Causes Swelling In The Back Of The Head?
At night, my doctor wanted to ask, why is there a swelling in the back of my child’s head? The beginning of the swelling is only small … but the longer the kox is widening, but if it is held it is soft and my child doesn’t feel the pain of the child’s age. I am only 1 year 5 months. I want to ask the doctor to explain why I think my child’s head is swollen
Hello Triagung, thank you for using the HealthReplies.com service
Some of the causes of the appearance of painless lumps behind the head are:
Lipoma is a lump of fat that grows slowly between the skin and muscle layers. Factors that can increase the risk of lipoma, which is heredity, age 40-60 years, and rarely in children. Lipsoma can shift when pressed with fingers, feels soft, well-defined, usually does not cause pain, and growth is very slow. Cystepidermoid is a non-cancerous lump under the skin that can appear on any part of the skin. Symptoms can include small comedones appearing in the middle of the cyst, the area around the cyst will be reddish, swell and become sensitive, thick, yellow-smelling, fluid sometimes flowing from the cyst, small, round lumps under the skin. Pillar cysts form lumps and generally grow on the scalp. This cyst also does not cause pain. Pilomatriksoma is a benign tumor in hair follicles. This tumor is more common in children and adolescents. Lumps generally do not cause pain. Exostosis is abnormal growth above the bone. This condition rarely occurs in the head and the cause is not known with certainty. Eskostosis can cause pain, but can also be without pain at all. But there are also lumps that are usually located behind the head, but feel a bit painful when pressed, such as bumps due to collisions and infections of the hair glands. I suggest you to check your child directly to a pediatrician, so that a thorough examination can be done, such as questions and answers, vital signs, physical examination of the head, and supporting examinations if necessary such as radiological examination on the head, so that appropriate treatment can be given with your child's diagnosis.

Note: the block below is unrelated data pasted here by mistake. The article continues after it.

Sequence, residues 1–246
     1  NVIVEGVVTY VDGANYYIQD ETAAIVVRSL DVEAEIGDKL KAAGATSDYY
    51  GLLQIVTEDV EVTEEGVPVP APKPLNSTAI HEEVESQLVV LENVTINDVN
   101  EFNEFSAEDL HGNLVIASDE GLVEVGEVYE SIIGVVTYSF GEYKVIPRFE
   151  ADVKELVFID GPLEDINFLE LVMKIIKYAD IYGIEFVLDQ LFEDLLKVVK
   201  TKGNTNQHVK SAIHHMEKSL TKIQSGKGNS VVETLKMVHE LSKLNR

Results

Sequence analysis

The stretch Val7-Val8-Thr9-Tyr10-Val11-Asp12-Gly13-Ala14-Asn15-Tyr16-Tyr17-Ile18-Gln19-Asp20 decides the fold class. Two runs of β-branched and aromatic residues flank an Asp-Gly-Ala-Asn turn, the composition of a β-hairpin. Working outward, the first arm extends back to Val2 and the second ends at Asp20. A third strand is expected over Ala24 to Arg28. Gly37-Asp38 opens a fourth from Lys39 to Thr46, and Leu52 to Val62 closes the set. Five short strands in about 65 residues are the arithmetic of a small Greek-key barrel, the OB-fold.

As for things to look out for when symptoms or other signs appear in children, such as:
Throw up. Loss of consciousness or fainting. Severe headaches Thus the information I can give, hopefully can help you.